The advertisement call ( Fig. 1View FIGURE 1) of D. cruzi  was composed by a single pulsed note and the call duration varied from 0.006 to 0.023 s (mean = 0.013 ± 0.004 s; n = 50 calls). The pulse number and pulse duration varied, respectively, from 1 to 8 pulses/call (X = 3.775 ± 1.49; n = 50 calls) and from 0.002 to 0.008 s (mean = 0.003 ± 0.001 s; n = 150 pulses). Pulse rate ranged from 166.66 to 347.82 pulses/s (mean = 278.21 ± 42.59 pulses/s; n = 50 calls). Repetition rate ranged from 88 to 238 calls/minute (mean = 167.12 ± 50.17 calls/minute; n = 9 males). Dominant frequency ranged from 4478.9 to 7312.5 Hz (mean = 6476.74 ± 688.4 Hz; n = 50 calls), upper frequency from 4823.4 to 7687.5 Hz (mean = 6834.64 ± 719.03 Hz; n = 50 calls), lower frequency from 4134.4 to 6937.5 Hz (mean = 6106.69 ± 702.72 Hz; n = 50 calls), and frequency amplitude from 689 to 750 Hz (mean = 727.94 ± 113.22 Hz; n = 50 calls).

Aggressive calls were also composed by a single pulsed note ( Fig. 1View FIGURE 1). Call duration varied from 0.033 to 0.45 s (X = 0.159 ± 0.087 s; N = 65 calls), while pulse rate varied from 162.22 to 292.37 pulses/s (X = 228.82 ± 27.27 pulses/s; N = 65 calls). The pulse number and pulse duration varied, respectively, from 8 to 73 pulses/call (X = 35.7 ± 17.98; N = 65 calls) and from 0.0008 to 0.003 s (X = 0.002 ± 0.0006s; N = 195 pulses). Dominant frequency varied from 4995.7 to 7125 Hz (X = 6214.29 ± 473.81 Hz; N = 65 calls), upper frequency varied from 5168 to 8062.5 Hz (X = 7588.28 ± 1886.51 Hz; N = 65 calls), lower frequency varied from 4306.6 to 6187.5 Hz (X = 5423.17 ± 641.76 Hz; N = 50 calls), and frequency amplitude varied from 750 to 3375 Hz (X = 1598.53 ± 787.58 Hz; N = 65 calls).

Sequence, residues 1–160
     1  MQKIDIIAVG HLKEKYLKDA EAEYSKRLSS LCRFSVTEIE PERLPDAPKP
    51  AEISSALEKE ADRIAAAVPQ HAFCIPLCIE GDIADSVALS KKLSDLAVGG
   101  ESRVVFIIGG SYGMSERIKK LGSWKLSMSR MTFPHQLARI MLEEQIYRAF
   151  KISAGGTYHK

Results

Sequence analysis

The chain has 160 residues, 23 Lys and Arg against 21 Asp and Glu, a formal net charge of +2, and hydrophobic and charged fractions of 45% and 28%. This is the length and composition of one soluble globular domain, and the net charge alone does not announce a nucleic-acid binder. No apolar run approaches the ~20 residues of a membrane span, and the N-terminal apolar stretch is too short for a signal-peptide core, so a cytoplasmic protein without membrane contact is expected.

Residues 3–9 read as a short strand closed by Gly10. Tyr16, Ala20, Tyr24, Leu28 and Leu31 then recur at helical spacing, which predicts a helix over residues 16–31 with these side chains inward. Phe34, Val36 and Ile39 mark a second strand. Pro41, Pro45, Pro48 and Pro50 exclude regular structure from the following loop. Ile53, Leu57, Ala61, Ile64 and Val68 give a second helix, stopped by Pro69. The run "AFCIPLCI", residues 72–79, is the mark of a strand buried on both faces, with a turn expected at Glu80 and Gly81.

The advertisement call of D. cruzi  agree in terms of call properties with all previous descriptions ( Pombal & Bastos 1998; Bastos et al. 2003; Tessarolo et al. 2016). Call duration, pulse number, pulse duration, upper frequency and frequency amplitude were higher in aggressive calls than in advertisement calls, whereas pulse duration and lower frequency were higher in advertisement calls. Aggressive calls were only emitted by males in the presence of a nearby conspecific male, in a context of defence of the calling site.

The Dendropsophus microcephalus  group contains more than 30 species ( Faivovich et al. 2005; Frost 2017) of which few have their aggressive calls described (e.g., D. ebraccatus  , D. phlebodes  and D. microcephalus— Schwartz & Wells 1985; D. werneri  — Lingnau et al. 2004). The aggressive call of D. cruzi  has a higher pulse number than those of D. werneri ( Lingnau et al. 2004)  and higher dominant frequency than D. werneri  , D. microcephalus  , D. ebraccatus  and D. phlebodes  ( Schwartz & Wells 1985; Lingnau et al. 2004). Despite extensive research on anuran bioacoustics ( Toledo et al. 2015), little is known about aggressive calls, and our results contribute to improve the knowledge about the bioacustics of the D. microcephalus  group.

Kingdom

Animalia

Phylum

Chordata

Class

Amphibia

Order

Anura

Family

Hylidae

Genus

Dendropsophus